Why would civilians bother about MOLLE straps on their gear? Well, you don’t have to, but they can make your bags a lot more useful if you know how to facilitate them.

But first of all, what is MOLLE or PALS? Read on.

What is MOLLE / PALS?

That topic is so important, we have a dedicated blog post about what is MOLLE. And another one on how to use PALS loops. Since there are these great posts I don’t want to repeat it all. Only this much: PALS is an acronym and refers to a standard (width and spacing) of loops of webbing. These loops are placed on bags and backpacks and on smaller items like pouches as well. The standard assures you can mount small items on bigger bags regardless of the brand of each item. There are several variants that are all interchangeable. Like some use straps sewn on to gear others have slits laser cut into the outer shell and the remaining fabric fits into to the standard.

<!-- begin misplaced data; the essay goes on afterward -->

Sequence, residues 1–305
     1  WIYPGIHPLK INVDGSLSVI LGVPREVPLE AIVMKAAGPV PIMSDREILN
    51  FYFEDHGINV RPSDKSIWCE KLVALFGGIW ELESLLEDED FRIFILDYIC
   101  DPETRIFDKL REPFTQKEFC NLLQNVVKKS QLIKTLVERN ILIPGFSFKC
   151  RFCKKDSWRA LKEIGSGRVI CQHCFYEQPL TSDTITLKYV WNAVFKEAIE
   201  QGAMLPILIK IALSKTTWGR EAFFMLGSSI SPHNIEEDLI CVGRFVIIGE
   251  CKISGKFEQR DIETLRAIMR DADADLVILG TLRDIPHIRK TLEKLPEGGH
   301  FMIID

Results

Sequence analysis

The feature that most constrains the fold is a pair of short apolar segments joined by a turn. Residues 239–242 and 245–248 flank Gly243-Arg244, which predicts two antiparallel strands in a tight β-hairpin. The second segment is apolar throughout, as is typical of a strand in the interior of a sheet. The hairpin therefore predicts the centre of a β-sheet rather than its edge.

MOLLE (also an acronym) is just a specific set of vest, backpack and pouches that used the PALS system in the beginning. But most people use both terms as synonyms.

I’m talking about civilian use of MOLLE because this system was intended for tactical professionals in the first place. That’s why you found it on plate carriers and ammunition pouches when it was introduced. This changed over time but not everyone is aware of that.

MOLLE for civilians – where to start